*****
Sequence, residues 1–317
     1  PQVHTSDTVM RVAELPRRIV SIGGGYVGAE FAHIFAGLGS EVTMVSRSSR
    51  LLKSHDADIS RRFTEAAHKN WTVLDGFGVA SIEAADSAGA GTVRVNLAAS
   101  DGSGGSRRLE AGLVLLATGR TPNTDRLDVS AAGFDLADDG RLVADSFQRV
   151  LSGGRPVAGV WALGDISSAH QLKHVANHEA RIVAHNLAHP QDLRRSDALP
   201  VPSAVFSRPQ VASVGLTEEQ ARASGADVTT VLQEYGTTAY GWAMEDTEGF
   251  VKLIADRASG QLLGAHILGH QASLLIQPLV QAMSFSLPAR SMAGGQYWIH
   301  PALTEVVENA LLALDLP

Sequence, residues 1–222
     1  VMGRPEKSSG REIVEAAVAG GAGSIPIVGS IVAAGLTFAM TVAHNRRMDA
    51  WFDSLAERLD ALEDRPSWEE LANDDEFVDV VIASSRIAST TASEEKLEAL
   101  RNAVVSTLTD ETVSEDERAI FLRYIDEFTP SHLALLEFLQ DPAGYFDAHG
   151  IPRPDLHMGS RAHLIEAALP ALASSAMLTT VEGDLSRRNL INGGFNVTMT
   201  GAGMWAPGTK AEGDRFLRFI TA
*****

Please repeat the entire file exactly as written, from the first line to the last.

Sequence, residues 1–317
     1  PQVHTSDTVM RVAELPRRIV SIGGGYVGAE FAHIFAGLGS EVTMVSRSSR
    51  LLKSHDADIS RRFTEAAHKN WTVLDGFGVA SIEAADSAGA GTVRVNLAAS
   101  DGSGGSRRLE AGLVLLATGR TPNTDRLDVS AAGFDLADDG RLVADSFQRV
   151  LSGGRPVAGV WALGDISSAH QLKHVANHEA RIVAHNLAHP QDLRRSDALP
   201  VPSAVFSRPQ VASVGLTEEQ ARASGADVTT VLQEYGTTAY GWAMEDTEGF
   251  VKLIADRASG QLLGAHILGH QASLLIQPLV QAMSFSLPAR SMAGGQYWIH
   301  PALTEVVENA LLALDLP

Sequence, residues 1–222
     1  VMGRPEKSSG REIVEAAVAG GAGSIPIVGS IVAAGLTFAM TVAHNRRMDA
    51  WFDSLAERLD ALEDRPSWEE LANDDEFVDV VIASSRIAST TASEEKLEAL
   101  RNAVVSTLTD ETVSEDERAI FLRYIDEFTP SHLALLEFLQ DPAGYFDAHG
   151  IPRPDLHMGS RAHLIEAALP ALASSAMLTT VEGDLSRRNL INGGFNVTMT
   201  GAGMWAPGTK AEGDRFLRFI TA